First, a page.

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by Jim Zola
Not knowing how or when, the poem becomes
a crystal ornament smashed beneath
a black boot heel, a son tossing
his father's bag-of-bones body
against the kitchen wall and later
regretting a broken plate. It's blue,
something his wife picked up at a yard sale
years before and in another town.
She said the plate once belonged
to a Russian Prince who ate canned peas
every day. The only time the Prince
was truly happy was when he picked
a bucket of ripe strawberries
in Horodok in June, the light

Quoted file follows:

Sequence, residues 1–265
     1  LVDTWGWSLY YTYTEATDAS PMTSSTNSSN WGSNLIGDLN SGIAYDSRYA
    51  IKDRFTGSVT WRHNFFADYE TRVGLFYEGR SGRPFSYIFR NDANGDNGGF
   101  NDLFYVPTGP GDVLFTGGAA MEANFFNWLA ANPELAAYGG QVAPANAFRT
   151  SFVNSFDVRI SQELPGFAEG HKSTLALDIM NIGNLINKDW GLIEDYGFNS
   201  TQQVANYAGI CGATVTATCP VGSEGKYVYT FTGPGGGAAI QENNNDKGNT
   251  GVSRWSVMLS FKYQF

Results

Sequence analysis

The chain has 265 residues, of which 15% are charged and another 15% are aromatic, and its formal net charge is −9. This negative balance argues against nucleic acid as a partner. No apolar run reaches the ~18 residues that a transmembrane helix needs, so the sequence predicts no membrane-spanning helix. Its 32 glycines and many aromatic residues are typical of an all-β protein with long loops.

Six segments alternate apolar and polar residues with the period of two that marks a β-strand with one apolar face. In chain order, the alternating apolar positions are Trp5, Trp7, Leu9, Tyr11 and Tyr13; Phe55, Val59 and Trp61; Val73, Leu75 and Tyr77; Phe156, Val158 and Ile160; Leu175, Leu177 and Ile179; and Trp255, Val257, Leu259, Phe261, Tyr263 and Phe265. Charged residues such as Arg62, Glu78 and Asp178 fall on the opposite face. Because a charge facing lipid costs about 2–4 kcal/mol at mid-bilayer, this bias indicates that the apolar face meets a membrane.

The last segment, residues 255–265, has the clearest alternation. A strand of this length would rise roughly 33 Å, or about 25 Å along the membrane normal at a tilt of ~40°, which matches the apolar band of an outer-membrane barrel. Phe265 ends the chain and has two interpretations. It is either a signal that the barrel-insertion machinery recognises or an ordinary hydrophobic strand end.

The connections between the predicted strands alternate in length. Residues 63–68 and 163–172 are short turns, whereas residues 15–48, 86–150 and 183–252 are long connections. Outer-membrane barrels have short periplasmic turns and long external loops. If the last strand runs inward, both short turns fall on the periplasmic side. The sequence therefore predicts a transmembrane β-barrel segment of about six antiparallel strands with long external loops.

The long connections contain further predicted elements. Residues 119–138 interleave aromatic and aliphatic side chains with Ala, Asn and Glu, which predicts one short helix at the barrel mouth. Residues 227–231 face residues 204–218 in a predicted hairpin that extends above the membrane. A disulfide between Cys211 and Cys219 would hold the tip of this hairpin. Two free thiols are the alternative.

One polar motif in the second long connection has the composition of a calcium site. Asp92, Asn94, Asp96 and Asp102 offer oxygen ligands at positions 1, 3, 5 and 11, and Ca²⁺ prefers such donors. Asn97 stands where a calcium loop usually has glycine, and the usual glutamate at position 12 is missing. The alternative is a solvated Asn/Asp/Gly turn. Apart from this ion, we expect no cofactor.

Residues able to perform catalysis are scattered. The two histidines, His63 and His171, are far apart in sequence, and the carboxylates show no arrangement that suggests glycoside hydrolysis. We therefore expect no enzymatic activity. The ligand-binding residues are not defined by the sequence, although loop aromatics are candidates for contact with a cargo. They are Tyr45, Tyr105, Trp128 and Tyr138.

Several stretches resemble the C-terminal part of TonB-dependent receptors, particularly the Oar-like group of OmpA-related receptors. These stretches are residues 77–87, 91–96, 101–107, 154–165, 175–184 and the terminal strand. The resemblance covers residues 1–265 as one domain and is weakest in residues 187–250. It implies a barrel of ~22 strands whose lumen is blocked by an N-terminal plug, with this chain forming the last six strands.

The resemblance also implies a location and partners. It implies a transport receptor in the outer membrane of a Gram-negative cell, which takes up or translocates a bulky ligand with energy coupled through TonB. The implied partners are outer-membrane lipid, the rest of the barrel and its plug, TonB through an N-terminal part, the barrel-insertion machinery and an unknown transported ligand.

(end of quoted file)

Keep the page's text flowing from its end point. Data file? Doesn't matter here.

scattered through a net of dying branches.
The berries were delicious and red.
This is my assumption, my right
to assume. Your hair may have been
berry red for all I know. This
isn't a poem about that. It's about
light, the branch, the sound a plate makes
when it hits tile, the dry crack
of a thief's leg bone, the second nail
through the thin wrist, strawberries
served on a cracked blue platter
just before the movie begins.